Occupational Health and Safety in the Millinery Studio

Ergonomics in Millinery

Julia Watson MErg, GDipOHS, BN Principal Inspector – Ergonomics Central and North Queensland region Workplace Health and Safety Queensland Office of Industrial Relations

Julia presented at a member meeting on June 6th view her the slides from her presentation
Occupational Health and Safety in the Millinery Studio MAA

Working at a work table, on a sewing machine or on a computer in awkward positions or for long periods can cause pain, discomfort and injury, which are typically sprains and strains in the neck, back, shoulders, wrists and hands.

In order to minimise these risks, it is important to have a good workstation design, layout and setup as well as having a variety of tasks and opportunities to move around throughout the day. Some general tips can include:

If using a computer position your keyboard directly in front of you.  Push the keyboard back so that your forearms are supported on the front part of the desk when keying, which will provide you with forearm support and allows your shoulders and neck to be relax

  • Position your arm close to your side when using the mouse, so you are not laterally extending your shoulder which may cause discomfort and pain.
  • Keep all frequently used items within easy reach to eliminate the need for forward stretching and reaching.
  • Adjust the chair to suit you, including the lumbar support and backrest and the seat height and tilt.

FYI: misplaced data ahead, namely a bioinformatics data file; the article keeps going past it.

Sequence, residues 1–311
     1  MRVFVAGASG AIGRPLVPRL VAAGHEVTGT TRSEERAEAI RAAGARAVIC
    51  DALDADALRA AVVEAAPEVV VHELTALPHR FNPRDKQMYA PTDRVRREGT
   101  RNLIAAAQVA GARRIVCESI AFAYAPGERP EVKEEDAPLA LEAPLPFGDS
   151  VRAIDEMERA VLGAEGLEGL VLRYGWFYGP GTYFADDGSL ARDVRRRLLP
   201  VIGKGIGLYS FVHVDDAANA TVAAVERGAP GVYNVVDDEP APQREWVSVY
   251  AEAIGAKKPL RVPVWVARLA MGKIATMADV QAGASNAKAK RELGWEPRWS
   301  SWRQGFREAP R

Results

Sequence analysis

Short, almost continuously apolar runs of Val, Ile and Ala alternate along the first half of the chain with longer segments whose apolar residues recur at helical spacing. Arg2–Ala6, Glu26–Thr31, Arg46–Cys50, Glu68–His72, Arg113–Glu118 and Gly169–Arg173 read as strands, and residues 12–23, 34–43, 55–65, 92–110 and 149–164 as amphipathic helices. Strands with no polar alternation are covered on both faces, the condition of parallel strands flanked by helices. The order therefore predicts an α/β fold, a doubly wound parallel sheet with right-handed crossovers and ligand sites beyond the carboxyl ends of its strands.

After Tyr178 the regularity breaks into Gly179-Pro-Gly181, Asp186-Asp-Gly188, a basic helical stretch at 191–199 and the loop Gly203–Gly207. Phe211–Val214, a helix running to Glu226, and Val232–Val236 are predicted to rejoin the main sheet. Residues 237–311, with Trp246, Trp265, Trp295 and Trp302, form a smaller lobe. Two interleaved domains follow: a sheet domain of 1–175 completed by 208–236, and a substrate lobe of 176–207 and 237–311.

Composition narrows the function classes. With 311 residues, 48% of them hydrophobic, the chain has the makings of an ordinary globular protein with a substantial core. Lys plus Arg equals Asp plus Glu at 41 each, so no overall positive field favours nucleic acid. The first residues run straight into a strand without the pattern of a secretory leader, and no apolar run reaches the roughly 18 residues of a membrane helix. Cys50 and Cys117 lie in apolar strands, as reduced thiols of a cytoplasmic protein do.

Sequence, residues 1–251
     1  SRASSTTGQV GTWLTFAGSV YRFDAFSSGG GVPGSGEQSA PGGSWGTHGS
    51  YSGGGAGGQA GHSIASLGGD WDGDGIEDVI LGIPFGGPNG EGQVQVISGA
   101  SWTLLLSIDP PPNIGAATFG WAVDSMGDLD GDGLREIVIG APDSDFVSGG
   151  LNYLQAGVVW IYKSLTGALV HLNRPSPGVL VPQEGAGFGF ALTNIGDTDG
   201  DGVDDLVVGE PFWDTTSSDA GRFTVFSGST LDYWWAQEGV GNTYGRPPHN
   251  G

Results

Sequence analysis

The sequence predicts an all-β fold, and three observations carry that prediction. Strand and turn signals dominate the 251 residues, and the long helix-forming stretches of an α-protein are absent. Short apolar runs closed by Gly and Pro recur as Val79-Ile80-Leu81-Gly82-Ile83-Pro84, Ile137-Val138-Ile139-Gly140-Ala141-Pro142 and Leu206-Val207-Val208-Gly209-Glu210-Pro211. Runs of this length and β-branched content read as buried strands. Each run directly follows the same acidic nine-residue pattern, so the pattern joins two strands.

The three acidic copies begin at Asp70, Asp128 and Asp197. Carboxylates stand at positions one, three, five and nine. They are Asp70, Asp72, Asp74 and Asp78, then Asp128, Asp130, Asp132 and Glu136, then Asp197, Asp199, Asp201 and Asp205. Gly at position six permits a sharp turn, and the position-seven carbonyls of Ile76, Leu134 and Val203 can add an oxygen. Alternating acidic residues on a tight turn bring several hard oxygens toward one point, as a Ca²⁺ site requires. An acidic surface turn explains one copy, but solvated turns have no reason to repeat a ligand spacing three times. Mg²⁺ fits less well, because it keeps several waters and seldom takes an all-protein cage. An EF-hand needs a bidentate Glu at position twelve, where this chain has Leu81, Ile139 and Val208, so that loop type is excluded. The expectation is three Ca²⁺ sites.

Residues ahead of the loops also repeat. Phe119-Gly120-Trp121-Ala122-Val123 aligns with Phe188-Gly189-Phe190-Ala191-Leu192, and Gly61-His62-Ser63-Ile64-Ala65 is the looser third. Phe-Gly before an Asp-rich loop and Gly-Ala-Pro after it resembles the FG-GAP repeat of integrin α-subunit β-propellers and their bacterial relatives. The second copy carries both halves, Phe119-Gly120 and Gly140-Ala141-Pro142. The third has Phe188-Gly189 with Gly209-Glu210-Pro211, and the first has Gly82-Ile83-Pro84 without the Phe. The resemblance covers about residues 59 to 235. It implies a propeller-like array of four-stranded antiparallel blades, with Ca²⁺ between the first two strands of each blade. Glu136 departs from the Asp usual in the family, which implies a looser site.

• Sit closely to the desk (move fixed armrests if they stop you from doing this) this will eliminate forward leaning.
  • If using a laptop they are designed for short term or mobile use.  When using a laptop for long periods, use separate full sized keyboard, mouse and monitor

Sedentary Workplace – Effects of prolonged sitting on health

New research now links prolonged sitting with premature mortality, heart disease and diabetes.  The potential adverse health risk of sedentary time needs to be considered separately to the lack of physical activity outside work hours.  This follows recent evidence that (as a population health risk) reducing total time spent sitting maybe at least as important as increasing participation in physical activity.  A person may meet the minimum recommendations for physical activity by doing regular structured physical activity (such as a brisk walk or cycling for at least 30 minutes at 5 sessions per week) but typically sit for prolonged periods of the day – still placing the individual at risk.


  • Use a height adjustable desk so you can work either sitting or standing
  • Vary your work tasks throughout the day so that you change your posture and use different muscles.
  • Stand during phone calls
  • Take regular short breaks – some people have downloaded apps or alarms on phones at frequent intervals to get them moving
  • Position printers, scanners, waste bins etc, away from workspace so you need to walk to them.